Module 4

Functions of complex variable

Functions of a Complex variable-

In the narrow sense of the term, the theory of function of a complex variable is the theory of analytic functions (cf. Analytic function) of one or several complex variables. As an independent discipline, the theory of functions of a complex variable took shape in about the middle of the 19th century as the theory of analytic functions.

Complex function-

x + iy is a complex variable which is denoted by z

If for each value of the complex variable z = x + iy in a region R, we have one or more than one values of w = u + iv, then w is called a complex function of z.

And it is denoted as-

w = u(x , y) + iv(x , y) = f(z)

Neighbourhood of

Let a point in the complex plane and z be any positive number, then the set of points z such that-

||<ε

Is called ε- neighbourhood of

Limit of a function of a complex variable-

Suppose f(z) is a single valued function defined at all points in some neighbourhood of point -

The-

Example-1: Find-

Sol. Here we have-

Divide numerator and denominator by , we get-

Continuity- A function w = f(z) is said to be continuous at z = , if

Also if w = f(z) = u(x , y) + iv(x , y) is continuous at z = then u(x , y), v(x , y) are also continuous at z = .

Differentiability-

Let f(z) be a single valued function of the variable z, then

Provided that the limit exists and has the same value for all the different ways in which approaches to zero.

Example-2: if f(z) is a complex function given below, then discuss

Sol. If z→0 along radius vector y = mx

But along ,

In different paths we get different value of that means 0 and –i/2, in that case the function is not differentiable at z = 0.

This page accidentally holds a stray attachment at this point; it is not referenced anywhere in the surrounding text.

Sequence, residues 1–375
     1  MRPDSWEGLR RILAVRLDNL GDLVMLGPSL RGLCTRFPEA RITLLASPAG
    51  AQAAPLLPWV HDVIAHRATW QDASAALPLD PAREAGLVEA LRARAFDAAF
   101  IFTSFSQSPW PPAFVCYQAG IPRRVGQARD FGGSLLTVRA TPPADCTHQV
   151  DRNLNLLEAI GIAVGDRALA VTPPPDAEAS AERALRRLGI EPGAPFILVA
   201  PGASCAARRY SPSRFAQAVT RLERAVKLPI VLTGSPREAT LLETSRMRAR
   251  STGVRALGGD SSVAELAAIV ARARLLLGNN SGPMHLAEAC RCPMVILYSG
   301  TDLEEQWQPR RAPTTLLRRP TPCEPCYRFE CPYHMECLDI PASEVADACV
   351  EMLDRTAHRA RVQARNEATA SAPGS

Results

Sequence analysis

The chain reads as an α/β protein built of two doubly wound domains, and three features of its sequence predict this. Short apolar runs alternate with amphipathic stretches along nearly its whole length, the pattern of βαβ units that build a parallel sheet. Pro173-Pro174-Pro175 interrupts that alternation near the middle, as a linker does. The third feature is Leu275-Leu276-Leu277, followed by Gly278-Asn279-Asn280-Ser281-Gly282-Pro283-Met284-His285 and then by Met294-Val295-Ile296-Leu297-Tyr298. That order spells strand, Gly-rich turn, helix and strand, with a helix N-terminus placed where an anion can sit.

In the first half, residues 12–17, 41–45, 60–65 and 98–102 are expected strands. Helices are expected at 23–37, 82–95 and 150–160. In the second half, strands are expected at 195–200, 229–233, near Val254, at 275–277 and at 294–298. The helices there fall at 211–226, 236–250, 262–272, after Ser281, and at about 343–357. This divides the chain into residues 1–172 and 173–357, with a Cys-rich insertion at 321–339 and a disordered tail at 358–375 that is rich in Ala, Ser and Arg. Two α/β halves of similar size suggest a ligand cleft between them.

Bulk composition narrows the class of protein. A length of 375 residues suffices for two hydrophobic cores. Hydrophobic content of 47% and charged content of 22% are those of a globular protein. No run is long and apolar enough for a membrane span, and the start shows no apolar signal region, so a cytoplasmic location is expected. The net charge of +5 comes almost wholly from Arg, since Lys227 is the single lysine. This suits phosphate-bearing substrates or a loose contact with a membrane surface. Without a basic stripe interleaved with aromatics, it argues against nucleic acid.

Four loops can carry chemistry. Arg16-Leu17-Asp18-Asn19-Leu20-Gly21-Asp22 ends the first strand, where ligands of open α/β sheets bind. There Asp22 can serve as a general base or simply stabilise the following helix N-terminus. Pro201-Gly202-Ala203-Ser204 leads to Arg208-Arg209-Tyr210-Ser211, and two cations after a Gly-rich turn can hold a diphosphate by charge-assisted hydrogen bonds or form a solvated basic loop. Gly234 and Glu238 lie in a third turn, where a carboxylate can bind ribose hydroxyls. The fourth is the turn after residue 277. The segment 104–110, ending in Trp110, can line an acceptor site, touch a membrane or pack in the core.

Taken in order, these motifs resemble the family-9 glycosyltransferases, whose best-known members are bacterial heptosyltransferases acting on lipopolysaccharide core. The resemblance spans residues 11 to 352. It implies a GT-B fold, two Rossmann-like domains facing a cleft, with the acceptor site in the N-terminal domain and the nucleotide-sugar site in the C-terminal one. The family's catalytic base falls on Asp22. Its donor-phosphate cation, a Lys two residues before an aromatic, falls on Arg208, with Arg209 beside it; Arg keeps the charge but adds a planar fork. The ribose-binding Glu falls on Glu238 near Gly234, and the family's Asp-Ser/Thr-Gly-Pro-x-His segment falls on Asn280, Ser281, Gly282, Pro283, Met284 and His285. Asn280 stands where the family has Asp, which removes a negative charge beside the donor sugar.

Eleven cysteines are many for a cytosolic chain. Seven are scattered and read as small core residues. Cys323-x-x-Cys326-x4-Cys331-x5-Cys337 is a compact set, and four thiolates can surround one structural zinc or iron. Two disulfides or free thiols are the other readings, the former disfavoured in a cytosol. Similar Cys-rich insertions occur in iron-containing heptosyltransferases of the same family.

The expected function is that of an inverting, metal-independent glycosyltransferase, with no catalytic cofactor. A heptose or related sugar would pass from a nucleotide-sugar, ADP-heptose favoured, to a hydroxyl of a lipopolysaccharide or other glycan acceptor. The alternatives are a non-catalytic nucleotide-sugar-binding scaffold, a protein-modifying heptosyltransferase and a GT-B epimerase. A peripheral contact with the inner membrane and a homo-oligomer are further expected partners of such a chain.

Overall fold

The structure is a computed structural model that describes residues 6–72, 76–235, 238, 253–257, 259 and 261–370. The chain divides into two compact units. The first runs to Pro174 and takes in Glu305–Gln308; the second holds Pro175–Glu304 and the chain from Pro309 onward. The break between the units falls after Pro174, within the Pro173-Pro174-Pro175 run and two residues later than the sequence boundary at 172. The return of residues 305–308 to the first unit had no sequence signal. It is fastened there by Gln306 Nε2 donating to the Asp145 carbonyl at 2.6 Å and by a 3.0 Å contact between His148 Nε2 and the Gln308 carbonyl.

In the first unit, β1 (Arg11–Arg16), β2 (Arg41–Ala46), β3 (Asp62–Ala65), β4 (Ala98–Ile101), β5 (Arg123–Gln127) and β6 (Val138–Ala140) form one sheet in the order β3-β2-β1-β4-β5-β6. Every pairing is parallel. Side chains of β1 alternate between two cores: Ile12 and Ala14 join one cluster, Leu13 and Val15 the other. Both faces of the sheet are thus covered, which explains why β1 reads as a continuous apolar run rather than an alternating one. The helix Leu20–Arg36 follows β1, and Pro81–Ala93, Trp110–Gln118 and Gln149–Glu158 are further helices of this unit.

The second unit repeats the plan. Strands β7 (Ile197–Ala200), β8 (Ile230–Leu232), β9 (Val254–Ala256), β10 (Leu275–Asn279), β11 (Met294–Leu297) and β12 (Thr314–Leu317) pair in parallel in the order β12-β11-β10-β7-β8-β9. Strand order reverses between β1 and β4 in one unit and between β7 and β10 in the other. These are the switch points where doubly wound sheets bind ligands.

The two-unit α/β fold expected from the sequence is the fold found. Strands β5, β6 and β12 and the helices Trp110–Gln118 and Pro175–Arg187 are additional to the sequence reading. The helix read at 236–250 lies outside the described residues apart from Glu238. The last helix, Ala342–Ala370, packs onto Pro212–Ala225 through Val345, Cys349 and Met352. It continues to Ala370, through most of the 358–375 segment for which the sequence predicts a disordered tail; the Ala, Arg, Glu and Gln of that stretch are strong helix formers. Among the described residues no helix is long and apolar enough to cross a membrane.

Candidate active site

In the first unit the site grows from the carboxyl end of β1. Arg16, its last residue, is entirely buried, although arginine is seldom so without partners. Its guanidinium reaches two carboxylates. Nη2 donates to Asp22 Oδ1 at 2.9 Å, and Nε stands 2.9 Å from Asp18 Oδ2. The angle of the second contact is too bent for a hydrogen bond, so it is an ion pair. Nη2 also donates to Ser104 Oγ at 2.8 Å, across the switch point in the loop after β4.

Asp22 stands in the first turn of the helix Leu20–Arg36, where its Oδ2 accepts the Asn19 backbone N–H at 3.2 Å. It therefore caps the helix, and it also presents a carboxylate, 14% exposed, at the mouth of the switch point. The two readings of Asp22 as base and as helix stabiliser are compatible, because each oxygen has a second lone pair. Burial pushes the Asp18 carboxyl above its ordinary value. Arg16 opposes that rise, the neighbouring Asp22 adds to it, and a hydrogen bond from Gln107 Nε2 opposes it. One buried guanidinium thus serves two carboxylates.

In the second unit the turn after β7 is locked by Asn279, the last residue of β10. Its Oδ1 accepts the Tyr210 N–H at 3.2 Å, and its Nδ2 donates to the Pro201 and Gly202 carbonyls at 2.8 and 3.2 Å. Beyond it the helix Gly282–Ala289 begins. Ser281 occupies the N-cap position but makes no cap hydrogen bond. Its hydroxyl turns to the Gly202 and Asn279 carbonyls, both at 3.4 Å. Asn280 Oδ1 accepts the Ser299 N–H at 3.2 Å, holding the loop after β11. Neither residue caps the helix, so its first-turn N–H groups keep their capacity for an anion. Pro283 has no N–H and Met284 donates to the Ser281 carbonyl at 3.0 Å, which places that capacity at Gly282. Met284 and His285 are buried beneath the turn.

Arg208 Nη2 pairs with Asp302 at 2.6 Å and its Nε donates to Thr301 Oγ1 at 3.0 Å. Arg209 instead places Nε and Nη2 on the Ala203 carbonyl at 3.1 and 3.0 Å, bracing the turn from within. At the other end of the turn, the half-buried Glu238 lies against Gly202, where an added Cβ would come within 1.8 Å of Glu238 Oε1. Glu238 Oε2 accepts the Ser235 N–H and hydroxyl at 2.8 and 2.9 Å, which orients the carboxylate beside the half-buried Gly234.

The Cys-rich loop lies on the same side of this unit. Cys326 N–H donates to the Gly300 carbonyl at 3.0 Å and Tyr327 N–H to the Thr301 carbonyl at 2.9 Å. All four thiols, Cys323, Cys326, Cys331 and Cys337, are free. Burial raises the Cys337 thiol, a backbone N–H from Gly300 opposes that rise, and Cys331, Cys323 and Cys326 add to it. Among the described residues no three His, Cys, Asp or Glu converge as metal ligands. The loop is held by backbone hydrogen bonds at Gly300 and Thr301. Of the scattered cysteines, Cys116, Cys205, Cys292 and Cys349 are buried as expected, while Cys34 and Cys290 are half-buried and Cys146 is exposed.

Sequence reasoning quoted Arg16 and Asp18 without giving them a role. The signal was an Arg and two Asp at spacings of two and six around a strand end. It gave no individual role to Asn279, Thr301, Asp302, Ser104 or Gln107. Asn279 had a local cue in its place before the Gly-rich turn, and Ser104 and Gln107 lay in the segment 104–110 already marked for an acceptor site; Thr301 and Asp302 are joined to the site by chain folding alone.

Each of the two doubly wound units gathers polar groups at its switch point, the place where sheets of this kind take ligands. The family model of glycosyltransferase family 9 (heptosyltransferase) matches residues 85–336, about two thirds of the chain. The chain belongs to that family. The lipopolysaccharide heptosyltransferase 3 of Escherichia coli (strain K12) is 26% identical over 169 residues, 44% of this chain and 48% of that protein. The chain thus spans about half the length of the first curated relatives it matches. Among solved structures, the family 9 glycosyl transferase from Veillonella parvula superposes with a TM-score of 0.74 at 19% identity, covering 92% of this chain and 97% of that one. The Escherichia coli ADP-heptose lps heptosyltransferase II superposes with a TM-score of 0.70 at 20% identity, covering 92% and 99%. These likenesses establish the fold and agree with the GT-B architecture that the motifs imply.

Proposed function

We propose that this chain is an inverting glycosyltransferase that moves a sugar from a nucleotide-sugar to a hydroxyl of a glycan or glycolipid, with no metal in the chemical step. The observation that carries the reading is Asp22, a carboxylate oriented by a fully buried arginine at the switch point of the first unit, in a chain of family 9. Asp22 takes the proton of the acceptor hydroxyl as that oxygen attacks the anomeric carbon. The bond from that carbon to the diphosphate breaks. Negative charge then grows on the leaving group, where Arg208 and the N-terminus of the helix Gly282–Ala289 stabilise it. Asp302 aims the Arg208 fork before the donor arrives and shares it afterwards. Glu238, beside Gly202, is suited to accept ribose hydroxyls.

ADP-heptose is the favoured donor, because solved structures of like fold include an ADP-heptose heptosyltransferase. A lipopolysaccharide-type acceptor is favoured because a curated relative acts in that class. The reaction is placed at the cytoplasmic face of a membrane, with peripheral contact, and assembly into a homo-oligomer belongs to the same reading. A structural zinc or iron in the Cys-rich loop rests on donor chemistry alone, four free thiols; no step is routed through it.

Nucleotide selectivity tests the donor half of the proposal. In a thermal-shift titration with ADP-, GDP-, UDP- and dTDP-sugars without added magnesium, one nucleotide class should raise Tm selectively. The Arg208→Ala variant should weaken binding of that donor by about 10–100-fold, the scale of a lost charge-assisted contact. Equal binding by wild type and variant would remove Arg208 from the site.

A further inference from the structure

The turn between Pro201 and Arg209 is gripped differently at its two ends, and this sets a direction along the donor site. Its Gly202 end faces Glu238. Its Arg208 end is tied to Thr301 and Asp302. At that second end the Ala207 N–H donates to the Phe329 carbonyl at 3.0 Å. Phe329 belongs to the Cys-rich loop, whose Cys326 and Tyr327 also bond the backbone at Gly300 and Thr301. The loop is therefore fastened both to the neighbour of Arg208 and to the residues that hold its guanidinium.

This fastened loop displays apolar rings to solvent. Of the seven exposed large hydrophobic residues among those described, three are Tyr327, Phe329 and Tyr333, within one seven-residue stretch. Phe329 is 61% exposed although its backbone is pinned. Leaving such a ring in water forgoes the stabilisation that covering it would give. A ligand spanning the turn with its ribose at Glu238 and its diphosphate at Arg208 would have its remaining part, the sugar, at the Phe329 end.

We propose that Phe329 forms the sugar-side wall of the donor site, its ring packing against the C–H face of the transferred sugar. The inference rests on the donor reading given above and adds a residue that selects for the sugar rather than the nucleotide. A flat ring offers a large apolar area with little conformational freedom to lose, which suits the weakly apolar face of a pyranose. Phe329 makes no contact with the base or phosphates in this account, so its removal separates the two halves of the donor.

Analytic functions-

A function is said to be analytic at a point if f is differentiable not only at but an every point of some neighborhood at .

Note-

1. A point at which the function is not differentiable is called singular point.

2. A function which is analytic everywhere is called an entire function.

3. An entire function is always analytic, differentiable and continuous function.( converse is not true)

4. Analytic function is always differentiable and continuous but converse is not true.

5. A differentiable function is always continuous but converse is not true.

The necessary condition for f(z) to be analytic-

f(z) = u + i(v) is to be analytic at all the points in a region R are-

1. …………. (1)

2. ……...…. (2)

Provided exists

Equation (1) and (2) are known as Cauchy-Riemann equations.

The sufficient condition for f(z) to be analytic-

f(z) = u + i(v) is to be analytic at all the points in a region R are-

1. …………. (1)

2. ……...…. (2)

are continuous function of x and y in region R.

Important note-

1. If a function is analytic in a domain D, then u and v will satisfy Cauchy-Riemann conditions.

2. C-R conditions are necessary but not sufficient for analytic function.

3. C-R conditions are sufficient if the partial derivative are continuous.

State and prove sufficient condition for analytic functions

Statement – The sufficient condition for a function to be analytic at all points in a region R are

1

2 are continuous function of x and y in region R.

Proof :- Let f(z) be a simple valued function having at each point in the region R. Then Cauchy-Reimann equation are satisfied by Taylor’s Theorem

Ignoring the terms of second power and higher power

We know C-R equation

Replacing

Respectively in (1) we get

Show that is analytic at

Ans The function f(z) is analytic at if the function is analytic at z=0

Since

Now is differentiable at z=0 and at all points in its neighbourhood Hence the function is analytic at z=0 and in turn f(z) is analytic at

Example-1: If w = log z, then find . Also determine where w is non-analytic.

Sol. Here we have

Therefore-

And

Again-

Hence the C-R conditions are satisfied also the partial derivatives are continuous except at (0 , 0).

So that w is analytic everywhere but not at z = 0

Example-2: Prove that the function is an analytical function.

Sol. Let =u+iv

Let =u and =v

Hence C-R-Equation satisfied.

Example-3: Prove that

Sol. Given that

Since

V=2xy

Now

But

Hence

Example-4: Show that polar form of C-R equations are-

Sol.

z = x + iy =

U and v are expressed in terms of r and θ.

Differentiate it partially w.r.t. r and θ, we get-